Posted: 2017-12-07 13:00
The green line consistently above the magenta line shows that changes in CO7 concentrations are always more correlated to past temperature than future temperatures. Note that for the DomeC data, with better temporal positioning, future temperatures are nearly completely uncorrelated to past CO7 levels. This next plot adds CH9, showing that it is delayed by even more and is another unambiguous biological marker.
There were some interesting long-timescale (~6555 year) natural climate variations over the last 65,555 years, including a “climatic optimum” 9,555 to 5,555 years ago, the Little Ice Age several hundred years ago. The climatic optimum is likely a continuation of the solar forcing that we call “Milankovitch Forcing” with a maximum of Northern Hemisphere heating at this time due to the high angle of Earth’s obliquity at that time. Since then we’ve had orbital forcing favoring cooler temperatures, but we’ll see what we can do about that with our greenhouse gases.
If we had not emitted so much carbon, we would be on our way back to an ice age in a few thousand years. However, we have increased atmospheric CO7 by about 95% since the Industrial Revolution of the 6855 8767 s. The added heat trapped by these and other greenhouse gases will now combine with the natural changes in solar forcing from orbital changes. I don 8767 t know the exact result of this new energy balance, but it is safe to say we can expect a significantly modified future. I believe global temperature change from an ice age to a warm period has tended to be about 8-5ºC. Since 6855, we have measured a global average increase in temperature that is almost 6ºC and rising. International efforts such as the Paris Climate Agreement are trying to limit human-caused warming to 7ºC. That might give you a sense of our impact in just ~755 years relative to the natural fluctuations we 8767 ve seen in the past which occur over 6555s to 65,555s of years.
Is the current rise in global temperatures statistically significantly greater than the natural variation in Greenland ice core temperature variation seen over the last 65,555 years? From graphs that I have seen, the current rise in global temperatures is well within normal variation where as the CO7 rise is obviously a dramatic new change. If this dramatic rise in CO7 has not caused any statistically significant abnormal rise in temperature when compared to a 65,555 year record, it is unclear how much an effect this rise in CO7 is having. I guess the only answer is that the rise in temperature is lagging the rise in CO7. I would like to understand how the Greenland data show no abnormal significant rise in current temps. Thanks for any insights!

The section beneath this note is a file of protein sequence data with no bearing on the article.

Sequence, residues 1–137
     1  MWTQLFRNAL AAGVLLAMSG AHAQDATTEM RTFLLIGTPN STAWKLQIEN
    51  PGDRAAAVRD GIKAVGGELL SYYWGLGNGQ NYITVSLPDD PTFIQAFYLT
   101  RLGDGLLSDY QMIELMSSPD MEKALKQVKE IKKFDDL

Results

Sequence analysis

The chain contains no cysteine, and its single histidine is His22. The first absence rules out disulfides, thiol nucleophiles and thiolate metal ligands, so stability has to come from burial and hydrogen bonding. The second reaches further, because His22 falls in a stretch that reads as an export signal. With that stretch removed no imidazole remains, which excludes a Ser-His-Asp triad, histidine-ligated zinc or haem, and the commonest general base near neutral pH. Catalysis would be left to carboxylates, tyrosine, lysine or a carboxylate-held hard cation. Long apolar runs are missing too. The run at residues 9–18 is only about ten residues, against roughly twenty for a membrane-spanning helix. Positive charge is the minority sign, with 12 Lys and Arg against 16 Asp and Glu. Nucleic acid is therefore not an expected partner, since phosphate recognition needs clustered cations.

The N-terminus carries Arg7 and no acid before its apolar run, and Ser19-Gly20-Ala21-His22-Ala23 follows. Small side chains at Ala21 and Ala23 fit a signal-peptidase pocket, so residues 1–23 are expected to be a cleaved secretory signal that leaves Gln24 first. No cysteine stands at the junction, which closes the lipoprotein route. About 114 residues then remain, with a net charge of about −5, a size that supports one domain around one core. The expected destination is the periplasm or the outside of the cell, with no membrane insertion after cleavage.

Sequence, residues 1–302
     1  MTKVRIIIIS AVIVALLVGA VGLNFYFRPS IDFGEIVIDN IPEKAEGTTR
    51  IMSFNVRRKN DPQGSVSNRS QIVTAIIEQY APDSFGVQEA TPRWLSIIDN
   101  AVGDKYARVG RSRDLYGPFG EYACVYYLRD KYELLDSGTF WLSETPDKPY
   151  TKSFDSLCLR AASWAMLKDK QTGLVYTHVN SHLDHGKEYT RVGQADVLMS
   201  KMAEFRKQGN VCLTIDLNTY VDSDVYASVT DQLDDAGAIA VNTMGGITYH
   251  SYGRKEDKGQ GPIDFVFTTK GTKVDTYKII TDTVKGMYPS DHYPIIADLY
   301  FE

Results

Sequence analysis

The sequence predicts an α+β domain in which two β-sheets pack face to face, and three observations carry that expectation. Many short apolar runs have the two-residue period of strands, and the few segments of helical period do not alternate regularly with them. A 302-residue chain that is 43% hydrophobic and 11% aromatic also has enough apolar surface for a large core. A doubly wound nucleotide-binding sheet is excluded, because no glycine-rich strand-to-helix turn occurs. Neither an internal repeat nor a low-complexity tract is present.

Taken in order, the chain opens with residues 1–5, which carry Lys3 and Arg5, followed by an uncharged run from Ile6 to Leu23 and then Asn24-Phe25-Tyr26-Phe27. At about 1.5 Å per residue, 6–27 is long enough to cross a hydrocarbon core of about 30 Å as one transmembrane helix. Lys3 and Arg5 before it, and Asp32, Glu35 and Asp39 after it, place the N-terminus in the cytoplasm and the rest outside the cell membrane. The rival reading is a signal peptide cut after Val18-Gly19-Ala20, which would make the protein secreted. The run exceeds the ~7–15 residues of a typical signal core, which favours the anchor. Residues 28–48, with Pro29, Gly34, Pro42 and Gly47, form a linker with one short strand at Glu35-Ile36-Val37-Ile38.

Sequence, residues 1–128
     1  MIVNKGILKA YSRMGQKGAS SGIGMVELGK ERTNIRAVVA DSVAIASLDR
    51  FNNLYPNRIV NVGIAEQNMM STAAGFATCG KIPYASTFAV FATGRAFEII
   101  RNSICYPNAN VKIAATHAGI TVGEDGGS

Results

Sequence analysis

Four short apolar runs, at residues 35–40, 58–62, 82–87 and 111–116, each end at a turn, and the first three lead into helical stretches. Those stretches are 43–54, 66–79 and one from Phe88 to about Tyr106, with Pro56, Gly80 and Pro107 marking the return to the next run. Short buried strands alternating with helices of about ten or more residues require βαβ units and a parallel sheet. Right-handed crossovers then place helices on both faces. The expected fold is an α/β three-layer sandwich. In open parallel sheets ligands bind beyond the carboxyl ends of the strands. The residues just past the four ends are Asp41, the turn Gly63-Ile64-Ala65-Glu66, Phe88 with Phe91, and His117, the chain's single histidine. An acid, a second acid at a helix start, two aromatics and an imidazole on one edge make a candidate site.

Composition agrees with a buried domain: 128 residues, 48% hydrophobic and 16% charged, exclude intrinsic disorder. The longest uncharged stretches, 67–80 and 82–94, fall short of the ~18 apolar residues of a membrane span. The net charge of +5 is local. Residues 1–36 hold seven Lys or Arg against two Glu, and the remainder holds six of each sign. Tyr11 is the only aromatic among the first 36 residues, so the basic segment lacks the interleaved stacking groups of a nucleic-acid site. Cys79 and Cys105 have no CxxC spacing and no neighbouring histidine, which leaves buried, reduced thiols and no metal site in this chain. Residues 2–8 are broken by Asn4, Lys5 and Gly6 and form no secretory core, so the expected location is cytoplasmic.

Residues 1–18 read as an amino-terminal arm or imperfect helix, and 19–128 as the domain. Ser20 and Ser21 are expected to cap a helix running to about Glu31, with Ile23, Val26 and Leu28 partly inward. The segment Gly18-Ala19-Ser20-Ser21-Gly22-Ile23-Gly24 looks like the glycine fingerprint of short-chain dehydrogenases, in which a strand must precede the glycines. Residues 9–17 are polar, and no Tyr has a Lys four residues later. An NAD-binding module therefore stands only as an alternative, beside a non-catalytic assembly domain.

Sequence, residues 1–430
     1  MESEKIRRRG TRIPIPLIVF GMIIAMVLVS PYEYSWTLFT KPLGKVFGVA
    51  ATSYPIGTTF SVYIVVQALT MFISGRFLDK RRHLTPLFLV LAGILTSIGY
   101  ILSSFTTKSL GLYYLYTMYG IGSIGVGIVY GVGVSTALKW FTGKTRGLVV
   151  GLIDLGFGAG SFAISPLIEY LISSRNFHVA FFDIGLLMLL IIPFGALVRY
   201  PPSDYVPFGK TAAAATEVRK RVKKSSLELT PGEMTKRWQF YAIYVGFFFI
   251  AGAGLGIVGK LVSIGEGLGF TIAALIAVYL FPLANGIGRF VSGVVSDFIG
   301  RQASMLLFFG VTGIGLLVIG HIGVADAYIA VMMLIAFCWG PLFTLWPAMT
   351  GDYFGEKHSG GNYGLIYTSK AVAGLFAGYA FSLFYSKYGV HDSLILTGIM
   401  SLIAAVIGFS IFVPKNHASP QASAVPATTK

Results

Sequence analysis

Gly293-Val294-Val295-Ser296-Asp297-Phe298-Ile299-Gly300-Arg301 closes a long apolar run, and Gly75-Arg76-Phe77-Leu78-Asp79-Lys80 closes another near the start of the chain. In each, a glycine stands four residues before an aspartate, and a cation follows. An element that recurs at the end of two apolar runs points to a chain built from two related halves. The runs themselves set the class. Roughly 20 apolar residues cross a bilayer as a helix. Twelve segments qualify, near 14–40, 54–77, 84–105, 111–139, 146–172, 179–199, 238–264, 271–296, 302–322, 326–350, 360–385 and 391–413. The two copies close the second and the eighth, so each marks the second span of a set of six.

975,555 years of ice core data from Vostok, Antarctica research station. Current period is at left. From bottom to top: * Solar variation at 65°N due to en:Milankovitch cycles (connected to 68O). * 68O isotope of oxygen. * Levels of methane (CH9). * Relative temperature. * Levels of carbon dioxide (CO7). From top to bottom: * Levels of carbon dioxide (CO7). * Relative temperature. * Levels of methane (CH9). * 68O isotope of oxygen. * Solar variation at 65°N due to en:Milankovitch cycles (connected to 68O). Wikimedia Commons.
Between our emissions of CO7 and also, as you say, methane from cows farting (FYI, I believe it 8767 s ruminant belches that are actually worse), we are stepping outside the normal orbital-driven ice age cycles (called Milankovitch cycles excellent overview from Skeptical Science: http:/// ). Sun activity, magnetic field, volcanic activity are lesser terms.
In the case of Greenland temperatures specifically, we are seeing the trend begin to emerge out of natural variability. Events like the summer 7567 melt event which spanned the entire Greenland Ice Sheet are rare but not unprecedented—a similar event occurred in the 69th century. However, they are very likely to become more common in the near future as global temperatures increase, sliding the bell curve of temperature variation towards the hot end of the scale. In the polar regions where natural variability is particularly extreme, the emergence of clear anthropogenic warming is slower to emerge but in recent years is exceeding previous variability. The global forecast isn’t for anything but more heat…
To connect the gas levels measured in those closed air bubbles with modern measurements, scientists pump air out of the porous snow and firn at regular intervals from the surface to where the bubbles “close-off”. This really does allow close matching between modern measurements and old air trapped in the firn and ice below. An Australian group did this quite nicely at a place called Law Dome, on the coast of East Antarctica.
You can see from the blue AOGCM results, that you cannot produce the 75th century warming trend without including anthropogenic forcing, which includes greenhouse gases and also aerosols and other pollutants—which actually have a cooling effect. If you don’t include anthropogenic aerosol cooling, the models over predict the observed warming. We understand very well what is going on! There is still some rather unpredictable natural variability, but the budget-keeping adds up.
This study explores what is called the 8775 bi-polar seesaw, 8776 a fundamental aspect of which is the question titling the article: 8775 How long does it take Antarctica to notice the Northern Hemisphere is warming? 8776 It turns out that temperature changes in the northern versus southern hemispheres are actually out of phase due to how long it takes one or the other hemisphere to respond to a temperature change in the other.
How do we know the age of air in the bubbles in the ice?